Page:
Journal Article

Dose-response effects of dietary fiber on NMU-induced mammary tumorigenesis, estrogen levels and estrogen excretion in female rats

L.A. Cohen, Z. Zhao, E. Zang and A. Rivenson

in Carcinogenesis

Volume 17, issue 1, pages 45-52
Published in print January 1996 | ISSN: 0143-3334
e-ISSN: 1460-2180 | DOI:
Dose-response effects of dietary fiber on NMU-induced mammary tumorigenesis, estrogen levels and estrogen excretion in female rats

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The does-related effects of the fiber-rich isolate, soft white wheat bran (SWWB), and the pure fiber, cellulose, on N-nitrosomethylurea (NMU)-induced mammary tumorigen-esis was assessed in F344 female rats. SWWB (45% total dietary fiber, TDF) was added to the AIN-76A high-fat diet at 9, 12, 15 and 18% cellulose (98% TDF) was added to the same diet at 4.5, 6, 7.5 and 9% to give equivalent amounts of TDF. The experimental diets were fed 3 days post-NMU and continued for a period of 25 weeks, at which time the experiment was terminated and tumors enumerated. It was found that significant inhibition of mammary carcinoma occurred only at 9% SWWB, nonsignificant inhibition occurred at 12% SWWB, and no inhibition was seen at higher doses. Cellulose-fed animals exhibited consistently higher tumor yields regardless of dose. The difference in tumor yields between the 9% SWWB group and the remaining seven groups was attributable to an increased incidence in tumors characterized histologic-ally as intraductal proliferation and ductal carcinoma in situ in the latter. Analysis of blood, urine and fecal estrogens was conducted to test whether dietary fiber exerted its tumor-inhibiting effect by altering the entero-hepatic recycling of estrogens. Although SWWB, in general, lowered urinary estrogen excretion, increased fecal estrogen excretion and lowered blood estrogens, there was no consistent correlation between the amount of SWWB consumed, estrogen status and tumor yields. These results suggest that (i) wheat bran fiber at 9% or minor constituents associated with it, contain anti-promoting properties that cellulose lacks; (ii) SWWB appears to exert its effects by suppressing the clonal expansion phase of mammary carcinogenesis; (iii) there is an upper limit (12–15% w/w) to the protective effects of SWWB; and (iv) the effects of SWWB on mammary tumorigenesis may not be attributed to alterations in the enterohepatic recycling of estrogens.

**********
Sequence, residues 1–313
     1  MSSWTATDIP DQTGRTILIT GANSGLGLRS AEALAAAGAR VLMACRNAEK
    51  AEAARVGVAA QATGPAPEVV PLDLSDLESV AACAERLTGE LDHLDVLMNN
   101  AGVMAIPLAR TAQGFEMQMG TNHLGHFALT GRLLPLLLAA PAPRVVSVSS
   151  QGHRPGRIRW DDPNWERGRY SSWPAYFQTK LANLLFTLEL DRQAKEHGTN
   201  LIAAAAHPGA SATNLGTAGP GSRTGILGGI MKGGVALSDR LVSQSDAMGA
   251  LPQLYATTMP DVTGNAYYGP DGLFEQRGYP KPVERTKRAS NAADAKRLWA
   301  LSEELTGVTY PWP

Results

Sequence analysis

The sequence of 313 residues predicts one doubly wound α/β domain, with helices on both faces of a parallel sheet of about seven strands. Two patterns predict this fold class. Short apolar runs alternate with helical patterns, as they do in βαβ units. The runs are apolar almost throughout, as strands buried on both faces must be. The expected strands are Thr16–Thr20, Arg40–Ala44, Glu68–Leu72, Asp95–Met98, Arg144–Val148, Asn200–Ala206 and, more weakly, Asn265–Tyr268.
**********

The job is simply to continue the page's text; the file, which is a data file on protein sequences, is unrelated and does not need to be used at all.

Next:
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Subjects: Clinical Cytogenetics and Molecular Genetics

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